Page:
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April 05, 2015

Take Me To Church (Hozier) - Song Review


After seeing it about twenty times, I've finally come to the conclusion that this picture makes absolutely no sense.

Reviewed By: KVR (Head Writer)

Album: Hozier (Self-Titled Album)

Artist: Hozier

Release Date: September 2013

Genre: Indie Rock

Verdict: 16+ (For Mature Themes Relating to Religion and Homosexuality)







Content:

Violence:

--An angry mob drags a screaming homosexual man away from his home, and proceed to brutally stomp and beat him to death. This is out of focus.

Sexual Content/Nudity:

--(Video) We see two homosexual men interacting with each other during the video. They kiss, embrace and passionately make out as part of foreplay for sex. (Not shown.)

--The lyrics of the song are rather strongly implied to be about sex, with lines such as "she tells me 'worship in the bedroom'", "I was born sick, but I love it. Command me to be well", "offer me that deathless death", and "There is no sweeter innocence than our gentle sin."

In addition to the aforementioned, the song has been (externally) stated to be about homosexuality and the Catholic church, so the lyrics contains references to the rather strong issue.

Language:

--A few uses of "Good God" as an exclamation.

Spiritual Elements:

--As stated before, this song is about homosexuality and the Catholic church. We hear a few scattered references to "rituals", being taken to "church", "worship", and, unrelated to Catholicism, hear references to a "Goddess" and a "shrine". 

Mature Lyrics/Themes:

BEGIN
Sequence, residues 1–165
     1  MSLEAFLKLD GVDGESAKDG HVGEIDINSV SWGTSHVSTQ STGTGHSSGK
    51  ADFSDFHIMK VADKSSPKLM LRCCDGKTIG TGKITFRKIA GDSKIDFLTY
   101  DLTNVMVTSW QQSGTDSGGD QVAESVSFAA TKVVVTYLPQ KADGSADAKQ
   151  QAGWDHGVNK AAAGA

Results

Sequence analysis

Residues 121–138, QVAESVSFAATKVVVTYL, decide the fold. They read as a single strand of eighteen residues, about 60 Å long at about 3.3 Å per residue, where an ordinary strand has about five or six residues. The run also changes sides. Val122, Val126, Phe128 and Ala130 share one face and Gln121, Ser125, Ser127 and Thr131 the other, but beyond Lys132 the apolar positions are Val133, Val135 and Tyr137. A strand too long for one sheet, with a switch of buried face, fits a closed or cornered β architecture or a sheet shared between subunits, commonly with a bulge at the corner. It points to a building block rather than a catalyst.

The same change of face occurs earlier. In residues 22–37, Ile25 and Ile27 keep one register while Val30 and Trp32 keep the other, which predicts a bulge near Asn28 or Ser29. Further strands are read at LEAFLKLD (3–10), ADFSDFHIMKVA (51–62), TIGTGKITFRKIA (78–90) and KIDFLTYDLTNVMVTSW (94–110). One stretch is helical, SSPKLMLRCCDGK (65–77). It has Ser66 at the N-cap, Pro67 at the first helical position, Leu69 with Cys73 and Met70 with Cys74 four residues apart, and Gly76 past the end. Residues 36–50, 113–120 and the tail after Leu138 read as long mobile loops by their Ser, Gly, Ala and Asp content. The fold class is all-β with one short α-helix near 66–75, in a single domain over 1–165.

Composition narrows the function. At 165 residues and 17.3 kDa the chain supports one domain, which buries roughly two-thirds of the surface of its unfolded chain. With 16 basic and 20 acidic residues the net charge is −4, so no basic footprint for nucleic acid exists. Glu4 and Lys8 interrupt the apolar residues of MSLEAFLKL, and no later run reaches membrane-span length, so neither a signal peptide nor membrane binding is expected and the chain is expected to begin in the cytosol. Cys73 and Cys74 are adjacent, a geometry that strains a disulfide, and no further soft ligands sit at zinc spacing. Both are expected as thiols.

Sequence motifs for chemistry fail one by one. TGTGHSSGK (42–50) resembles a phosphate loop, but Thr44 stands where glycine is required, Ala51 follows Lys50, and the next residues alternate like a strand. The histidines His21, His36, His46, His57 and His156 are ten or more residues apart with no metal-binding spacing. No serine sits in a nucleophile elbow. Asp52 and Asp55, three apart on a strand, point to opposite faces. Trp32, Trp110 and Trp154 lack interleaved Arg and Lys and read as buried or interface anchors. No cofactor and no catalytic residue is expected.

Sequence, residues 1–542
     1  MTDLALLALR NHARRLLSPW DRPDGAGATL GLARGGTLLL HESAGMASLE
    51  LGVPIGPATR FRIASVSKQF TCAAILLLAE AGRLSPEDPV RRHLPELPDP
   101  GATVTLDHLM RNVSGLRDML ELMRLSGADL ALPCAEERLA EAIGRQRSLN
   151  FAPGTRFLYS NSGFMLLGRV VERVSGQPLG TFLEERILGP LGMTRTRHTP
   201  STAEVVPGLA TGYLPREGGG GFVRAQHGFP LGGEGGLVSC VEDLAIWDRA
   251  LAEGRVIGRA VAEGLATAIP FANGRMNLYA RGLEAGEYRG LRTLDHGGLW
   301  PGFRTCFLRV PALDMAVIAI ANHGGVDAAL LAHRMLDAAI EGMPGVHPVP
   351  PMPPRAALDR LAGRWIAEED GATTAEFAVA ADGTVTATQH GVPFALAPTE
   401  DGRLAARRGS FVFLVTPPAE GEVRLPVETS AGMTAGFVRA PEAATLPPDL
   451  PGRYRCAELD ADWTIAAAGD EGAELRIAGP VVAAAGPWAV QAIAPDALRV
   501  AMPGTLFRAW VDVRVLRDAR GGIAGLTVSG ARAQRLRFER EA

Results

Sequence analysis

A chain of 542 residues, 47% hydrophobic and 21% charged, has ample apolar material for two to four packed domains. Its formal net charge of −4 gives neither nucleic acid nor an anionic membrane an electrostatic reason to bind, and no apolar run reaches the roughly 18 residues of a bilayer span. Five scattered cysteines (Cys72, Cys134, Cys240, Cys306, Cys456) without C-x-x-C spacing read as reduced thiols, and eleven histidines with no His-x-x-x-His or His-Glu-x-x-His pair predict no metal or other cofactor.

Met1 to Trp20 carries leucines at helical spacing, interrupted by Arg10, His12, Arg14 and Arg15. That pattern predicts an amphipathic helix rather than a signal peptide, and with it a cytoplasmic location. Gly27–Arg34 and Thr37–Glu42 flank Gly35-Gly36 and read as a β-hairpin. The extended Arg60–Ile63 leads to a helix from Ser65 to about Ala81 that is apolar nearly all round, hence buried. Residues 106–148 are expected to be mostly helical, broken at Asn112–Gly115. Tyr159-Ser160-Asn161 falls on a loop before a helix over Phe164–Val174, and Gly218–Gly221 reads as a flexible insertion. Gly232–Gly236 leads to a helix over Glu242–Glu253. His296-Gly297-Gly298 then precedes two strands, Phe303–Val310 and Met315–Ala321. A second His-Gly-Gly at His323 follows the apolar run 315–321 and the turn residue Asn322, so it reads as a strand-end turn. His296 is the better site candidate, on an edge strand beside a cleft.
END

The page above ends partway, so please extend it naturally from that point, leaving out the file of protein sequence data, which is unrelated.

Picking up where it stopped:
--The song is about homosexuality, the Church and passionate sex. The video is about homophobia and it can be inferred that the video is set in Russia and makes statements about the illegality of homosexuality in said country. This can be confirmed when we see a Television screen depicting a Gay Rights protest, with a banner in a Slavic language.

Mood: (Downbeat)

While not soul-shatteringly depressing, Take Me to Church is still a very serious song and deals with mature themes, in a rather "bitter" and "seething" tone.
 
Review of Song/Music Video:

Song:

The best way to describe this song is "inverted-Gospel", describing a man's frustration with the Church and his desperate struggle with his sexual desires versus his religious beliefs espoused by the system over him.

Take Me To Church has a very "churchy" atmosphere, but it sounds more like the organ's being strummed like a guitar and the choir's kicked up a riot.

While it took some getting used to, the song eventually warmed up to me, and I have to admit, it's not a bad tune at all. It has soul, energy and passion, yet it's hard not to detect cynicism and bitterness throughout its length.

Music Video:

The video is less impressive, however, offering us an "Oscar bait" story about two gay men torn apart by a homophobic gang in an Eastern European country. The music video aggressively lunges for your heartstrings with the subtlety of a bear disemboweling a catfish. Okay, maybe not that bad, but still.

There's nothing particularly memorable about the music video, besides the initial "oh" moment when I inadvertently discovered that the music video was about homosexuality after seeing the men passionately kissing. I guess the whole video also has that undercurrent of "surprise homosexuality" running through it, as the shot of the two lovers suddenly kissing is handled with less grace than gay jokes in high school.